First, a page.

What is the problem, and who says

What is the problem, and who says?

In deciding how to evaluate the problems of their clients and patients, therapists inevitably rely largely on what they say about themselves in interviews, on questionnaires, and in standard psychological tests. But we don't always know ourselves, or see ourselves as others see us. And our feeling, thinking, and behavior change with the time, the place, the situation, and the company. So it's important to study how well reports agree or disagree when they come from different people in different settings.

It's easiest to get reports from others about children because adults usually bring them for evaluation and treatment. Meta-analyses (pooled statistical analyses) of many studies show that children's ratings of their own problems are correlated poorly with ratings by their parents and other adults in their lives. But the adults don't agree with one another, either — at least not when they encounter children in different contexts, such as home, school, therapy, or a research lab. Adults who play similar roles in the child's life — as parents, teachers, mental health workers, or research observers — are much more likely to agree about the nature of the child's problems, although even then their agreement is imperfect.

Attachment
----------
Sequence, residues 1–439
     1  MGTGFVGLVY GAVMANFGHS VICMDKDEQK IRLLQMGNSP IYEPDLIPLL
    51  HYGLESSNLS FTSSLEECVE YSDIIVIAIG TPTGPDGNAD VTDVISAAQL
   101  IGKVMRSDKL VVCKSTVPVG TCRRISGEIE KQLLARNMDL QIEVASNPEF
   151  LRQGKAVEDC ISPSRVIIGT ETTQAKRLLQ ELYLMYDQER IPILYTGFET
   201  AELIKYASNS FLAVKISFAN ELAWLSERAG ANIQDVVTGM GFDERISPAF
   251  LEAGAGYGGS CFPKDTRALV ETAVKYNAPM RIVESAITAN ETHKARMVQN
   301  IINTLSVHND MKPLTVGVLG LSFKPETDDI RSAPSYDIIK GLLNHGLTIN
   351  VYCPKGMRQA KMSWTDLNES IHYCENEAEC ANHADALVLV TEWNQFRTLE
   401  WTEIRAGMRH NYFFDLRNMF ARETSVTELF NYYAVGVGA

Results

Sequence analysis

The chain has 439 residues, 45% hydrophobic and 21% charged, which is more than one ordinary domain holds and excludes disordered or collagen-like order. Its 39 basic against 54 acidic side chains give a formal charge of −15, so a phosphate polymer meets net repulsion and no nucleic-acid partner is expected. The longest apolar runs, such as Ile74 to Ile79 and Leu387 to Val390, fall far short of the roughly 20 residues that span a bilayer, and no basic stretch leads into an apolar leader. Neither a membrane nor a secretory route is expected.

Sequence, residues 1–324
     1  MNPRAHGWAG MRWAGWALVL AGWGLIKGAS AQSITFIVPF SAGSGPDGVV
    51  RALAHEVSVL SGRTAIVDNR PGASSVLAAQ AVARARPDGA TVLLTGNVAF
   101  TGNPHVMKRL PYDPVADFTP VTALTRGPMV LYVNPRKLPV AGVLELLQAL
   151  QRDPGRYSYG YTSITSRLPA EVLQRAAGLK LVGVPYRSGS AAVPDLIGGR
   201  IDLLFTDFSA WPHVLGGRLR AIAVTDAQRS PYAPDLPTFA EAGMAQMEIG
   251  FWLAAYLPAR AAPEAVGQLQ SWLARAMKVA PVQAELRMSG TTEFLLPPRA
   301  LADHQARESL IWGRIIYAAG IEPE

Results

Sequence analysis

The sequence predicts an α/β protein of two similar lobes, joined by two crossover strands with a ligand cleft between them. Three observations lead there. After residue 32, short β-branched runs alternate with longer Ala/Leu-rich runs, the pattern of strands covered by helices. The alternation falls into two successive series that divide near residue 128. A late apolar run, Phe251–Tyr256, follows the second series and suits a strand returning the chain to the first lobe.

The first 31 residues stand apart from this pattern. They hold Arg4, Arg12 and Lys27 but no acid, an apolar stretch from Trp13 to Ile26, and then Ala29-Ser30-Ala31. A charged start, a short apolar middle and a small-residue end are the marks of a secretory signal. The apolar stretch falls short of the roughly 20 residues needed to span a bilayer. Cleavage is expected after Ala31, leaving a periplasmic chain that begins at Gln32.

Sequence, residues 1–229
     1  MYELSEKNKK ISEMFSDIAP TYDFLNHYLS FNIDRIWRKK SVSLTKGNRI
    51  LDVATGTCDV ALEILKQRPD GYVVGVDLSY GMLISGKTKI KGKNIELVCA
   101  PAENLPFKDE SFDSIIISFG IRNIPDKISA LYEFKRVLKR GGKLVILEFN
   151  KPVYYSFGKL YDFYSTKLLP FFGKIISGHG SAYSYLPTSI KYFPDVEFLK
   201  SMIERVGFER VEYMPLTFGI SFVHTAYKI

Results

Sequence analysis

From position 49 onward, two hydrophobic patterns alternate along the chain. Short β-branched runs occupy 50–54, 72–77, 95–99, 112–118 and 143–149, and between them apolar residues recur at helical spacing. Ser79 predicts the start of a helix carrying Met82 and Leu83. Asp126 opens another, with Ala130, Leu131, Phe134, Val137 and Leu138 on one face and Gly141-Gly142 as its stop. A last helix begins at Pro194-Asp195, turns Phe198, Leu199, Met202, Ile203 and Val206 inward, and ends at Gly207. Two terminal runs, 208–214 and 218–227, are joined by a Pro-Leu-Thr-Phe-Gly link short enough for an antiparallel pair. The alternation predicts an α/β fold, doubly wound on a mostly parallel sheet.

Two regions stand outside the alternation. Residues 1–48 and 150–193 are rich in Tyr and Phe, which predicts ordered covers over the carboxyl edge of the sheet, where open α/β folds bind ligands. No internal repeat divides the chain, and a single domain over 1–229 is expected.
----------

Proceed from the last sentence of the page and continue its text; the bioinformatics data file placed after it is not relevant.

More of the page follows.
But maybe that is to be expected. Children are often not good at talking about themselves, and their state of constant change may make their problems difficult to pin down even for people who know them well. Researchers at the University of Vermont have tried to find out whether adults present a more stable target. They conducted a meta-analysis of more than 100 studies that evaluated how well different informants (for example, self versus husband, wife, or clinician) agreed about an individual adult's psychopathology.

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